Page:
Houston made other changes around the edges, jettisoning several underperforming recent draft picks and filling out the roster with veteran bench help (Jock Landale, Jeff Green, Aaron Holiday). In doing so, the Rockets have signaled that not only are they willing to take a step forward this year, but also they have put the right mix of players in place to actually do it. They still have some very talented youngsters (Green, Smith, Amen Thompson, Alperen Şengün, Cam Whitmore), mind you, but there should be a lot more structure in which those players can develop.
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I like Houston to get to at least 32 wins on three different levels. First, on pure talent, my numbers have the Rockets slightly beating that number. Second, I think there are some very good so-called intangible reasons to expect this team to be better than it was a year ago, as a result of the coaching change and Porter’s likely exit.
Finally, can we talk about incentives again? Houston isn’t tanking, which is going to make a scenario where it falls short of 31 wins hard to pull off. The Rockets owe a top-four protected pick to Oklahoma City from the disastrous Chris Paul–Russell Westbrook trade, meaning that any March or April shenanigans by the Rockets are likely to benefit the Thunder more than they help Houston. The Rockets, as with the Nets and Raptors above, could still make other in-season moves to improve the roster; the contracts of Landale and Green, in particular, are set up to be easily tradable.
I suppose it’s possible Houston could try to improve its lottery luck anyway, if the Rockets are well and truly eliminated from the playoffs. We can’t dismiss that scenario entirely, but the Play-In makes it less likely. A more likely endgame is that the Rockets valiantly fight the good fight for 78 games, much like last year’s Jazz, before ultimately falling a few wins short.
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Charlotte won 27 games last season. Here’s what had to happen for the Hornets to land at that win total:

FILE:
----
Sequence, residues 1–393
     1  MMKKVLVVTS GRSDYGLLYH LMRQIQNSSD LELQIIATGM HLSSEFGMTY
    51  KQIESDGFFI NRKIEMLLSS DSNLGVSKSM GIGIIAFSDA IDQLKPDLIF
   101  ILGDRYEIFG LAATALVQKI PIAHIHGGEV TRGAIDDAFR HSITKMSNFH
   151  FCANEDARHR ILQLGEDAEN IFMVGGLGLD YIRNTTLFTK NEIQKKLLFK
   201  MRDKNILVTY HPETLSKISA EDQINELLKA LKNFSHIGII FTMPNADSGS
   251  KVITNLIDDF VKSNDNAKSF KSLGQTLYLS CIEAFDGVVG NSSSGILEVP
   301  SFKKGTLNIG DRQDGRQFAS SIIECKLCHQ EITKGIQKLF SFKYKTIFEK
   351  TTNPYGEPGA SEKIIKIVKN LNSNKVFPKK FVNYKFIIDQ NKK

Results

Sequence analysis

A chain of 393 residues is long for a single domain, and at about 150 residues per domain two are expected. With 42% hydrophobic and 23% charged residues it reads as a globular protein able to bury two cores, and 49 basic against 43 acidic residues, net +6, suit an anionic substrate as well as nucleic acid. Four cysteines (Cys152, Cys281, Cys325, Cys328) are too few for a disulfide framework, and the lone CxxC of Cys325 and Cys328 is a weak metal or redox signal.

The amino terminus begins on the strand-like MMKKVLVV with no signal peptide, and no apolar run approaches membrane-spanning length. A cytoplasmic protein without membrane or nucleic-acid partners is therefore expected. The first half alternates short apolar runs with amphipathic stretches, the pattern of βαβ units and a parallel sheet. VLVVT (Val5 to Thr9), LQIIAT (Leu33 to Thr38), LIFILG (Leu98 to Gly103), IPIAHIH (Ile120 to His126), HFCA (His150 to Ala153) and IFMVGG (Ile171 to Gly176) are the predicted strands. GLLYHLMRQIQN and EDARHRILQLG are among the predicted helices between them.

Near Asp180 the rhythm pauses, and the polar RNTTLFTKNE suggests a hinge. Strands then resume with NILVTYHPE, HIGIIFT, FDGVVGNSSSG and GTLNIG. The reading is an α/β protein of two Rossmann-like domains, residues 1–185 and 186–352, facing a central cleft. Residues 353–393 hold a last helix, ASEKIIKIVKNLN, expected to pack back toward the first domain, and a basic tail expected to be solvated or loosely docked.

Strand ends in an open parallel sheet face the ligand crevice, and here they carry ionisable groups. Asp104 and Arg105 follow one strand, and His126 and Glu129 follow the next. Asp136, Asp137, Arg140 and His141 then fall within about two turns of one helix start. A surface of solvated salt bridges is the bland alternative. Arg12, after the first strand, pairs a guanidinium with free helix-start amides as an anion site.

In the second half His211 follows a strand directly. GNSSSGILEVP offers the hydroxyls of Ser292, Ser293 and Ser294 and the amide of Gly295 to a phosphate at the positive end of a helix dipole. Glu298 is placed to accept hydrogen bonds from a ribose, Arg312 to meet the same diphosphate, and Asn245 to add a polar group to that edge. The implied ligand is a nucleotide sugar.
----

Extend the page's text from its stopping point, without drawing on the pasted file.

- LaMelo Ball played in only 36 games
- Cody Martin played in only seven games
- Miles Bridges missed the entire season after a domestic violence incident involving the mother of his children
- They traded Mason Plumlee and Jalen McDaniels for draft equity at the trade deadline
- They gave minutes to four separate recent draft picks who each were tire-fire level bad, significantly worse than replacement level
Fast forward to this season, and Charlotte adds the second pick in the draft (Brandon Miller), returns Bridges and Martin and has a healthy Ball. The only key loss is Kelly Oubre, who only played 40 games last season. The Hornets still have question marks at center with Mark Williams and Nick Richards and still have too many bad draft picks soaking up roster spots. But Charlotte had all those issues two years ago and won 43 games with basically the same cast.
So yeah, I think the Play-In is, um, in play. And sheesh, that win total is a low, low bar. I don’t get how people just blithely assume Charlotte will still suck this year. Ball/Terry Rozier/Miller/PJ Washington/Bridges is a tough matchup to deal with in fourth quarters, especially with LaMelo pushing it down everyone’s throat.
Additionally, people just sort of forget about Martin, but his defense, running and ballhandling make him a key glue guy and an important bridge to a thin bench, especially if Gordon Hayward misses a game (but what are the odds of that, right?).
Finally, the Hornets historically have been much more averse to tanking than most teams. I realize they’re under new ownership now, but all the other institutional players are the same (at least for now) and presumably making the case for their continued employment. Chasing a Play-In spot is likely to be much more tempting for this team than it would be for some others, especially with a prospective weak draft on tap. The East projects to be soft enough that even a mediocre record should keep the Bugs in the chase all season.
(Photo of Pascal Siakam, Mikal Bridges and LaMelo Ball: Brian Westerholt, Bill Streicher, Dan Hamilton / USA Today)